Geometric group theory is mainly concerned with topological and geometric properties of groups, spaces on which they act etc., so the ideas employed in GGT are mainly algebraic/geometric/topological. Is there any subfield of GGT where methods from analysis find applications? I once heard that analytical tools, e. g. geodesic flows, are used in studying ends of groups, but that's all I know.

Analytic ideas enter into several parts of geometric group theory. Tom already mentioned amenability, so I'll skip that. 1) Complex analysis and the theory of quasiconformal mappings plays an important role in understanding the mapping class group, which is one of the most important groups studied by geometric group theorists. For information on this, see Farb and Margalit's forthcoming book "A primer on mapping class groups", available on either of their webpages. 2) The study of groups with property (T) ends up using quite a bit of analysis. See the book "Kazhdan's Property (T)" by de la Harpe, Bekka, and Valette for information on this. 3) Analysis (together with ideas from ergodic theory, which is of course quite analytic) plays an important role in proving various rigidity theorems. The most famous is the Mostow Rigidity Theorem, whose original proof uses lots of analysis : quasiconformal mapping in high dimensions, the fact that Lipschitz functions are differentiable almost everywhere, ergodic theory, etc. 


I'll expand a little on Andy and Tom's very nice answers. Property (T), amenability and rigidity theorems are not really separate topics. For a beautiful introduction, including some of the connections between these and other topics, see Lubotzky's book "Discrete Groups, Expanding Graphs, and Invariant Measures". Another great reference is Zimmer's book "Ergodic Theory and Semisimple Groups". As for whether this sort of stuff counts as a "subfield" of geometric group theory, that probably depends on your definition of geometric group theory.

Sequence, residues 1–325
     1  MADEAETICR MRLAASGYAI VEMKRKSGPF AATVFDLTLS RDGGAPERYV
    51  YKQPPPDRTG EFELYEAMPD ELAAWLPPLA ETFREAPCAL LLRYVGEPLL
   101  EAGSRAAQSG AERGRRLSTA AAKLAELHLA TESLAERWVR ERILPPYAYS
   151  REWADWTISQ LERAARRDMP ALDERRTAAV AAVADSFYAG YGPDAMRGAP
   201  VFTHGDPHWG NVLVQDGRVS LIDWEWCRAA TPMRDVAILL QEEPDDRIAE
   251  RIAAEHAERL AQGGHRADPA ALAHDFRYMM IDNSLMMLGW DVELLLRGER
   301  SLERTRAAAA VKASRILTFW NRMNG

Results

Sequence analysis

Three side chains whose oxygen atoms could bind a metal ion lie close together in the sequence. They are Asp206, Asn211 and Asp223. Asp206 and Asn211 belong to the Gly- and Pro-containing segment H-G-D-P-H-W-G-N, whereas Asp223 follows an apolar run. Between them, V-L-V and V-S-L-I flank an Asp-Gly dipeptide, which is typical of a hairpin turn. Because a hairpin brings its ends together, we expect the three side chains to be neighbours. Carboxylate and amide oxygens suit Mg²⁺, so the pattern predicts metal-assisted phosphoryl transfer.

One point of contact between GGT and analysis is the study of amenability. See for instance the wikipedia article on amenable groups. As you can read there, there are many equivalent conditions for a (discrete) group to be amenable, some couched in terms of analytic concepts. On the other hand, if you have a look at the usual proof that the free group on two generators is not amenable, that has a definite flavour of geometric group theory about it. (There is also the saga of whether Thompson's group $F$ is amenable. Danny Calegari has an excellent blog post on this. In short, the situation is this. For many years, the question of whether $F$ is amenable has been an open question. But in 2009, one paper appeared purporting to prove that $F$ is amenable, and another paper appeared purporting to prove that $F$ is not amenable. The one claiming the positive result uses a kind of analysis rarely seen in GGT, and so received a lot of attention. As far as I can tell, both authors have now admitted serious flaws in their papers, but neither has withdrawn it from the arXiv.) 


The work of Yu, partly joint with Kasparov, connects geometric group theory to the geometry of Banach spaces: If a finitely generated group embeds coarsely (in the sense of Gromov) into a uniformly convex Banach space, then it satisfies the coarse BaumConnes conjecture. In effect, this means you can work on certain problems in geometric group theory without knowing the definition of a group (e.g. by determining when a metric space with bounded geometry coarsely embeds into a uniformly convex Banach space). 


Not sure why this is not being mentioned but one prominent use of analysis in geometric group theory is in studying boundaries of groups (towards Cannon's conjecture and beyond). See for example discussion here and here.